Abuse committed by women remains a taboo subject. In countries like the United States, that began to change as more high profile cases hit the news. However, other countries still keep the discussion of the topic to a minimum.
Nigeria is one of those countries. Sexual violence is not something openly discussed or confronted, but this is particularly true when the rapist is female. Cultural stigmas and expectations often lead boys raped by women to rationalize their abuse even as they acknowledge the abusive power dynamic at play.
A recent article on Naij.com covered the issue. Author Aderonke Bello interviewed several men abused by women as children. One man recounted his “abusive relationship” with a 35-year-old woman that began when he was 12-years-old:
Juwon Adeniji was introduced to sex at age 12 by a woman 23 years his senior. She forced him into an abusive relationship which lasted for seven years.
“My cravings for older women cannot stop in this lifetime,” were the words of Juwon Adeniji, “I am married to a woman who is 11 years older than me, I fought a battle with my family members because my wife is older. Anyway, I won. So far, I have been blessed with two healthy boys.”
His parents were never at home to tend to him. He was left in the mercy of their neighbour who took advantage of his parents’ busy schedules to abuse their son. For the years it lasted, they never found out about what was occurring right under their noses. The boy enjoyed the act and got used to it, not realising it was abuse until he became an adult.
“My parents worked from morning till evening. With me being the only child and no one to leave me with in the ancient city of Idanre where my parents worked, our neighbour who was a full housewife offered to take me in when the school bus drops me. Then my parents would pick me from there at the end of each working day (from Monday to Friday). She fed me daily, we would watch Indian films and wrestled together when her husband was not around. I liked her because she cared for me,” he explained.
One of the moment common refrains one hears about female abusers is that they act out of love and compassion and confusion. They are never predatory. It is only their need for companionship that drives them. Keep that opinion in mind as Juwon continues his story:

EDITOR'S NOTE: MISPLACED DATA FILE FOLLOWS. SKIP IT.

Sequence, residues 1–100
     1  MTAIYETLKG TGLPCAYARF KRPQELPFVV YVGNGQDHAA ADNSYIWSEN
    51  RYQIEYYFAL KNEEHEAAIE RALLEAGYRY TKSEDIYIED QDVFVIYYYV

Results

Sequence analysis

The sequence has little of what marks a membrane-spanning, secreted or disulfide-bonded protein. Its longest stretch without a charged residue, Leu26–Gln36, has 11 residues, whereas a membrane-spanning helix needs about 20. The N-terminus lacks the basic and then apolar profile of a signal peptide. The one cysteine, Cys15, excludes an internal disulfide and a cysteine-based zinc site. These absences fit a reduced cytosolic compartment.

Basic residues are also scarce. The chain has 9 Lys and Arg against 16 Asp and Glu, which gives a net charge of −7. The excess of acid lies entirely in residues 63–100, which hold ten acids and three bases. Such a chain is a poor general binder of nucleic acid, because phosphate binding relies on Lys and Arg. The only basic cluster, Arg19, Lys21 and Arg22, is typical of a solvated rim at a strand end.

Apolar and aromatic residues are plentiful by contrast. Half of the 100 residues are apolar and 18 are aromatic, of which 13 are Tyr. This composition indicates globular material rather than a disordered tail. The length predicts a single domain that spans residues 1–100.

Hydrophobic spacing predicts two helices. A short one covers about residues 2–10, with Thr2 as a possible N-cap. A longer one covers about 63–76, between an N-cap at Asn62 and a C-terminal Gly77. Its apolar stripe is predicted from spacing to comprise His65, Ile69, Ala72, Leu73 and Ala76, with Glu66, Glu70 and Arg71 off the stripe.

Mr. Juwon, who is now in his late forties, said he enjoyed every bit of the abusive relationship because of the gifts and affection she showered on him while it lasted.
“That day after school, I entered the houseand ate as usual. She played a pornography movie instead of the Indian movie which is my favourite. She started talking dirty to me. She said she wants us to play like them [actors in the movie]. She gently removed my trousers and pants, and of course I was fully erected. It started like that. I enjoyed it, and since then we carried on and on for another seven years, it ended when I gained admission into the university.
“As an undergraduate, I only dated masters students in my school. I am married to a lovely woman, she in her fifties, and we have two beautiful boys. I have a perfect life, no complaints,” he concluded.
That does not sound like the behavior of a loving person. It sounds like the behavior of someone who took advantage of a boy in desperate need of attention and manipulated his normal interest in sex to get what she wanted.
The impact on this man is clear: since that was his first sexual experience, he normalized it. That he enjoyed it is irrelevant. Most children enjoy adult attention, especially if the adult treats them like a fellow adult. Likewise, sex feels good, even in situations where the sex results from manipulation, coercion, or force. It is not surprising Juwon liked his experiences as they happened to him. That was the point. The issue is whether what this woman did was abusive and wrong.